I will be one of several dozen speakers at the following conference:

Advanced Strategies for Managing and Defending Food Contamination Claims

Thursday, February 28, 2008 to Friday, February 29, 2008
Millennium Resort, Scottsdale McCormick Ranch, Scottsdale, AZ, United States


2007 was the year of the recall, with E. coli contamination increasing sharply in 2007 over the previous two years. And it’s not just beef recalls and E. coli contamination that are making the news… Peanut butter, spinach, pot pies and pizza; salmonella, listeria and other toxins… All kinds of food-borne illnesses and the ensuing litigation are on the rise, as experts point fingers at increased use of offshore food sources, a largely self-regulated industry, and other factors in an attempt to explain the sudden surge. It’s clearly a critical time for food companies, and the lawyers who advise them, to get valuable, practical information to enable you to minimize the likelihood of these situations and the ensuing litigation from occurring – and to manage the litigation appropriately when it arises.  To address these growing concerns, American Conference Institute has developed this critical conference on Preventing and Managing Food-Borne Illness Litigation. For this unique event, we’ve assembled a multi disciplinary faculty of epidemiologists, microbiologists, key regulators and top litigators in the area, and an agenda that covers all the issues that arise in litigating and settling these complex cases. Get strategic and practical insights into:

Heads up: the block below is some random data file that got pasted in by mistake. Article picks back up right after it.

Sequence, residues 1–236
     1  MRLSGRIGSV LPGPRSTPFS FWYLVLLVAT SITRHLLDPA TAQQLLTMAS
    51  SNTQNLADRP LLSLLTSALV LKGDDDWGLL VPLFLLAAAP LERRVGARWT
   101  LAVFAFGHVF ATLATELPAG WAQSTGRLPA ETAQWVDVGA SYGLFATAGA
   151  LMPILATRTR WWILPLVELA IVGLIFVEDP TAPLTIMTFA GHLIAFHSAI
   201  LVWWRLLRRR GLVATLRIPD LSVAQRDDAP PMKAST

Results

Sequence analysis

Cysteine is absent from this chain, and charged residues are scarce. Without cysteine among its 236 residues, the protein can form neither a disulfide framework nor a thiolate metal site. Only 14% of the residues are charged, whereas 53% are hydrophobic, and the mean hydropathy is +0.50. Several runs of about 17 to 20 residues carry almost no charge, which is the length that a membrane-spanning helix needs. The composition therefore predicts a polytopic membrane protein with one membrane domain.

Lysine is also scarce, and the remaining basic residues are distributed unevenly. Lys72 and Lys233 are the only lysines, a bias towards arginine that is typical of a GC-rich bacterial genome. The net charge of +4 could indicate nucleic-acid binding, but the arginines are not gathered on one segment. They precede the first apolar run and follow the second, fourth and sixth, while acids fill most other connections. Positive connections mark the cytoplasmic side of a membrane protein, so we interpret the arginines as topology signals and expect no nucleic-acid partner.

* Understanding the science behind tracing and identifying a pathogen – so you can make or refute the causal link in your case
* Getting back on track with consumers after a crisis:getting out the right message
* Using Freedom of Information Act (FOIA) requests:why they are such an effective discovery tool in food borne illness cases
* Deposing food-borne illness experts: tips and techniques
* Effect of insurance coverage issues on how you proceed in a third party action
* Analysis of where plaintiffs have been most successful in food-borne illness class actions and MDL proceedings